It's virtually impossible to know what PlayStation 3 units were sold to real gamers, their friends and families, and which ones went to middlemen looking to make a couple of quick bucks off the fervor surrounding it.
According to Gartenberg, who cares?
"It's a little bit hard to tell if we're seeing opportunists or purists here," he said. "But at the end of the day, the units are being sold to someone, whether there's a middleman or not."
While the perpetually paranoid maintain that Sony intentionally created supply shortages to generate buzz, it may be the retailers that have the greatest impact on sales.
Aside from stories of stores holding on to shipments from Sony to encourage customers to line up for the PS3 during heavily advertised events, retailers forcing unwanted products on customers to get what they really want is a much reviled if increasingly common practice.
Retailers create "bundles" that include the video game system, certain games or other hardware that the consumers may or may not want or need. The problem is that the hotter the item, the pricier the bundles, and often retailers won't allow the core product driving the sale -- in this case, the PS3 -- to be sold outside a bundle.
"Bundles suck," said Davison. "If you're buying a console, you want to buy games with it -- and I guarantee that everyone buying a new machine knows exactly what they want before they go to the store. They don't need those stores packaging together all the crap they couldn't sell otherwise into an overpriced mess of unwanted games and lousy accessories."
In some scenarios, the bundles include items, such as magazine subscriptions or TV sets, almost unrelated to the core product.
Crecente said the buzz out of Sony is that it's not crazy about bundles, but it's relatively powerless to do anything to stop them.
"I think in Sony's defense, they're opposed to it," he said. "They've never said it, but I think they understand the negative impact it has on their product."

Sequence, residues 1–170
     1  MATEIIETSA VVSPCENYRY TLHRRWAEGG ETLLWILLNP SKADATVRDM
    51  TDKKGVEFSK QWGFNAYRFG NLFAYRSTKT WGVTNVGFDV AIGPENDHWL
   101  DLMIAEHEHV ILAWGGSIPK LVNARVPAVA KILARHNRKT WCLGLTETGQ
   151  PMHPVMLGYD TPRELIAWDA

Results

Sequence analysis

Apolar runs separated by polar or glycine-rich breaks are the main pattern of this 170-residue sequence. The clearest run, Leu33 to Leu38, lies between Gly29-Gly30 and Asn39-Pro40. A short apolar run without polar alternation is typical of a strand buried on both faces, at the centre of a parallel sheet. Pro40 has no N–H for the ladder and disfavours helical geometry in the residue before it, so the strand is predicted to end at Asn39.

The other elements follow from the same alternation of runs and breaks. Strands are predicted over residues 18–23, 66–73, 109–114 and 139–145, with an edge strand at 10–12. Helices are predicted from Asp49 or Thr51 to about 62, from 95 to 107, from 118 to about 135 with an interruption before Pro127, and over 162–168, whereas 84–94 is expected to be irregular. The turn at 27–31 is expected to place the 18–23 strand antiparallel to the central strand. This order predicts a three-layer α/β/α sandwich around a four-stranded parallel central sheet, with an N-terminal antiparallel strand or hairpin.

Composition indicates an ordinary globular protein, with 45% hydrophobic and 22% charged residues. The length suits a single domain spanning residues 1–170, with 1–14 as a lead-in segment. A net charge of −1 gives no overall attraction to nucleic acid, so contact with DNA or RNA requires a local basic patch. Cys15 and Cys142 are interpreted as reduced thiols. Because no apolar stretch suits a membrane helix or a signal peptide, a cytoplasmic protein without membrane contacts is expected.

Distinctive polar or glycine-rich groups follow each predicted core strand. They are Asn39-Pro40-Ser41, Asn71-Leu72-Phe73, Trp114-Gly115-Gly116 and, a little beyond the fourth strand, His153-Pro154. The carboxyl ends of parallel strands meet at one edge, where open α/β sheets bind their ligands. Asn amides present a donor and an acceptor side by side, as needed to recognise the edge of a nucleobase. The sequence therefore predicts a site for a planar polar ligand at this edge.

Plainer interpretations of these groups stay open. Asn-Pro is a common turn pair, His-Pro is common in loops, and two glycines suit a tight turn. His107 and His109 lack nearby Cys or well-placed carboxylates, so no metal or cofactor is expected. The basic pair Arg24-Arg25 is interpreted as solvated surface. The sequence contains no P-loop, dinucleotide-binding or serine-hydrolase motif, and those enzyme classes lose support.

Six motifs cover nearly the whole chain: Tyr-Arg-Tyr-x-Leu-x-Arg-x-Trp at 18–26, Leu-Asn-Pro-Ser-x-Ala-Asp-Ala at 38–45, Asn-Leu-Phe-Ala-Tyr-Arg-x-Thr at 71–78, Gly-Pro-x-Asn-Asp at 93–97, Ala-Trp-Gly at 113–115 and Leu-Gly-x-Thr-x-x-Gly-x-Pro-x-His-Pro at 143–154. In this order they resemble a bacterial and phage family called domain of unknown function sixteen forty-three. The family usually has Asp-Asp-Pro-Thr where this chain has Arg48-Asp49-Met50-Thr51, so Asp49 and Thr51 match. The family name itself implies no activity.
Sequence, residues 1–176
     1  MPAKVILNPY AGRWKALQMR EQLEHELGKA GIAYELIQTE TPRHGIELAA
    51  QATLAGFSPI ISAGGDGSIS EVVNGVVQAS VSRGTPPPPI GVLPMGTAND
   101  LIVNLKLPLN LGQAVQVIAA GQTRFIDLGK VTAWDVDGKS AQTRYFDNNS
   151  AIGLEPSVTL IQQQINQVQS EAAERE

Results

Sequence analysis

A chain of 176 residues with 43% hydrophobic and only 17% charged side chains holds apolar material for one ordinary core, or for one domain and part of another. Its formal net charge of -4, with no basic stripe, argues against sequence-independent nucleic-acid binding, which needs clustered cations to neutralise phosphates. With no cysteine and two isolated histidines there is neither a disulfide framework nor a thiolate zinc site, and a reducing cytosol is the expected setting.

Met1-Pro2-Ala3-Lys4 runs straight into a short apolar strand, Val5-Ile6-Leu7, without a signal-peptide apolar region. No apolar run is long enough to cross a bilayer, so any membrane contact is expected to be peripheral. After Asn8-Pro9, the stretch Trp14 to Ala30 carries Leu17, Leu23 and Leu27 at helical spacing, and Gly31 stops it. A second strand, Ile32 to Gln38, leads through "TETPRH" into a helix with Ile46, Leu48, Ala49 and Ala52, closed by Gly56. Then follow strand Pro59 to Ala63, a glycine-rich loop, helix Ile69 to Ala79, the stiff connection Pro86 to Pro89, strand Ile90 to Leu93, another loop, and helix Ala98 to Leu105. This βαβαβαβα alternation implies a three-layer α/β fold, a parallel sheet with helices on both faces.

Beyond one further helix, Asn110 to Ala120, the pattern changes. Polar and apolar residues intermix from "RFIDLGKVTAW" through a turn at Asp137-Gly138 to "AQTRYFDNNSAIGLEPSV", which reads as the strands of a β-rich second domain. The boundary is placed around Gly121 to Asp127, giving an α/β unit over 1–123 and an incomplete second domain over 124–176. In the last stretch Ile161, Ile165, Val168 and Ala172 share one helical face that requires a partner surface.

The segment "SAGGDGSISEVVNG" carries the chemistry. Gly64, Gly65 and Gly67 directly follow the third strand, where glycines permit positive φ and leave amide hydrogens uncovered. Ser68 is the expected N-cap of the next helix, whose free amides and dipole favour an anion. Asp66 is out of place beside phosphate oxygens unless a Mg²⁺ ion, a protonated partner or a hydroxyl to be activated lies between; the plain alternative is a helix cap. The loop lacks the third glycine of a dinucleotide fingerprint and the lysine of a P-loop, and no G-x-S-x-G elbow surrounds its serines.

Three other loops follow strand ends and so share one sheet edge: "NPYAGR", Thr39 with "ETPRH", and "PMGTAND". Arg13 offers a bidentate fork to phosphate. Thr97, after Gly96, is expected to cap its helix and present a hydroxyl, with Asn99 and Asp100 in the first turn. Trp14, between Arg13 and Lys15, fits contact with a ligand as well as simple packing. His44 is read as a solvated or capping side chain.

It may be too early to predict a winner in the next generation console war, but that doesn't keep some experts from speculating.
"The "next gen" war has only just begun, but from the early skirmishes, things are looking pretty good for Microsoft," said Davison. "Nintendo had a good holiday season, but it has a lot to prove."
Crecente, who believes Sony's PlayStation 3 is a powerful system that's capable of offering a great experience, agreed with Davison's assessment.
"I would say Microsoft [will be the winner]," he said. "Sony is not winning -- that's easy to say -- there have been so many missteps. Nintendo has a tremendous amount of buzz, but Microsoft has really taken advantage of the year's head start."
But Gartenberg, who believes the PS3 is off to a great start, said the market may be big enough that there doesn't need to be a winner -- everyone could win.
"Consumers are looking at all this stuff and saying that everything looks pretty good," Gartenberg said. "What we may end up seeing this time around is something different. Instead of one vendor dominating the market, we may find three vendors able to split it up in a more balanced way."
A utopian video game market? What's next, world peace? We doubt it.